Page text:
Where necessary, the Supreme Court can constitute a panel of active and retired Justices and Judges to serve on the Court of Appeals. The provision for the temporary Court of Appeals was enacted in 1987. The Court of Appeals provides appellants at the Supreme Court with access to quick, free, and fair trials. Once approved by the Supreme Court, the Chief Justice constitutes a panel of retired Supreme Court Justices, active or retired District Court Judges, and lawyers to review cases assigned by the Supreme Court. The panel sits at Bismarck and other cities across the state. The Clerk of the Supreme Court provides clerical services to the Court of Appeals panel.
What Are Civil Court and Small Claims?
Small claims are civil suits where aggrieved persons seek damages for non-criminal offenses committed against them. The damages sought must not exceed a certain limit if they must be tried in court as small claims.
As a division of the District Courts, North Dakota Small Claims Courts handle small claims cases where the damages sought is less than $15,000. Thus, landlord-tenant disputes, contractual disputes, and debts not exceeding $15,000 are tried as small claims in North Dakota. Small claims proceedings are less formal than the usual court cases. Juries or Court Reporters are not required to participate in small claims cases. Hiring an attorney for a small claims dispute is not necessary or economical since the amount sought as damages is small.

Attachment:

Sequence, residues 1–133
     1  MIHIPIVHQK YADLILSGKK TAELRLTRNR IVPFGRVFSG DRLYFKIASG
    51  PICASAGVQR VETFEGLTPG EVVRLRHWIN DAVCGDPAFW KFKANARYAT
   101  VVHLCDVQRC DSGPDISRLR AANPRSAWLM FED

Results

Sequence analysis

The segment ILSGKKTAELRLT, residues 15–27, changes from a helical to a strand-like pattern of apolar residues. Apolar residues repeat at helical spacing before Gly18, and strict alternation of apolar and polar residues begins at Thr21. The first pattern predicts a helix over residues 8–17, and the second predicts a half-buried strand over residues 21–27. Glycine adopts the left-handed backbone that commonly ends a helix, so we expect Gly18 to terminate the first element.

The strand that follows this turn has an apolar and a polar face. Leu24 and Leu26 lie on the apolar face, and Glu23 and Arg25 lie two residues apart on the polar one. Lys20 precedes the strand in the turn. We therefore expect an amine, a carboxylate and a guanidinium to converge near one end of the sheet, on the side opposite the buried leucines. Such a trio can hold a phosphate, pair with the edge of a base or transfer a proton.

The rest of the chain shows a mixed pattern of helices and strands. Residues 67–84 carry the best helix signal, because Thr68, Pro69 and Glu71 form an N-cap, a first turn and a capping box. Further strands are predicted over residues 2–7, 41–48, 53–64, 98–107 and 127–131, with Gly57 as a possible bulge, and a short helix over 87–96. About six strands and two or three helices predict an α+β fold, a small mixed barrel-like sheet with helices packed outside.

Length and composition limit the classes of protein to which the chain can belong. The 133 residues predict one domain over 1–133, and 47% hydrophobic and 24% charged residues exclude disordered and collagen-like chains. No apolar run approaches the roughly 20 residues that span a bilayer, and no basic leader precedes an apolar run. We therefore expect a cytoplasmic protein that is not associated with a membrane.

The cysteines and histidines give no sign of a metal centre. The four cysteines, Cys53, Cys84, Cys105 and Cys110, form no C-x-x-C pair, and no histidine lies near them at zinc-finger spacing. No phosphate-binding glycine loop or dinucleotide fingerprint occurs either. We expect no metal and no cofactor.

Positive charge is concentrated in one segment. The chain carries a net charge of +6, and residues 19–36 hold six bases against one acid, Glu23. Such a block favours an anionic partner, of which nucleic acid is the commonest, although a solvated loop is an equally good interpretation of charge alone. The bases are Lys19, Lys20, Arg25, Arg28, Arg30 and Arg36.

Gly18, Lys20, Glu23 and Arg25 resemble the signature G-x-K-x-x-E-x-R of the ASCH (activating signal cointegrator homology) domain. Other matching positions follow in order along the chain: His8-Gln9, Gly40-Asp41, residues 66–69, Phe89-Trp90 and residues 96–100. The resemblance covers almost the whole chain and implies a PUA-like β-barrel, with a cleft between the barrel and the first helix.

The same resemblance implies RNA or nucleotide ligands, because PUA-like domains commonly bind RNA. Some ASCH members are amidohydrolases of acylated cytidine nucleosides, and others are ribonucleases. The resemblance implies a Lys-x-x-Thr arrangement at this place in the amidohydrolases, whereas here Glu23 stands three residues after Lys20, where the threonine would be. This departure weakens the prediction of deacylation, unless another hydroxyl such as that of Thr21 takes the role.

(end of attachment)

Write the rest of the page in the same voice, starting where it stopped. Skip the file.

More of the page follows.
Defendants must respond after receiving small claims summons within 20 days of receiving the petition. Parties involved are allowed to bring witnesses, and the Judge makes decisions after hearing both sides. In North Dakota, court rulings on small claims cases are final and not appealable. If a defendant fails to respond to a petition within 20 days, the plaintiff automatically wins the case. Sometimes, defendants may also elect to have the suit discontinued at the Small Claims Court and tried at the District Court where juries and attorneys may be present. If the defendant loses after such transfer to the District Court, payment of fees incurred by the plaintiff in hiring an attorney is included in the judgment awarded against the defendant.
To avoid losing a case before it begins, a plaintiff must note that a small claims suit must be filed with a Small Claims Court where the defendant resides. Also, disputes involving debts must be filed not more than six years after the money was borrowed or six years after the last payment by the defendant.